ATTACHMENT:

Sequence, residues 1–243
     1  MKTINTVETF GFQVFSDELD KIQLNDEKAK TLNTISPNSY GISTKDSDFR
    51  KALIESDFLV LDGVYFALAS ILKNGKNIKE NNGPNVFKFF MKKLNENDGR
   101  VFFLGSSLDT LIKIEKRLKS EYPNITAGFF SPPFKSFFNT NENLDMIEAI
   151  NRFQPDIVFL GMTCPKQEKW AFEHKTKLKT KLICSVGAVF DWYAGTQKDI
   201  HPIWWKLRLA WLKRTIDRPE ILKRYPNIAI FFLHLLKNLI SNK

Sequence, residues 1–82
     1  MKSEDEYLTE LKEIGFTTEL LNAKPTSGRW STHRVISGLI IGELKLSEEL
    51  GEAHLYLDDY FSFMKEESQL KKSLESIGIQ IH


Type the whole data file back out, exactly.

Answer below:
Sequence, residues 1–243
     1  MKTINTVETF GFQVFSDELD KIQLNDEKAK TLNTISPNSY GISTKDSDFR
    51  KALIESDFLV LDGVYFALAS ILKNGKNIKE NNGPNVFKFF MKKLNENDGR
   101  VFFLGSSLDT LIKIEKRLKS EYPNITAGFF SPPFKSFFNT NENLDMIEAI
   151  NRFQPDIVFL GMTCPKQEKW AFEHKTKLKT KLICSVGAVF DWYAGTQKDI
   201  HPIWWKLRLA WLKRTIDRPE ILKRYPNIAI FFLHLLKNLI SNK

Sequence, residues 1–82
     1  MKSEDEYLTE LKEIGFTTEL LNAKPTSGRW STHRVISGLI IGELKLSEEL
    51  GEAHLYLDDY FSFMKEESQL KKSLESIGIQ IH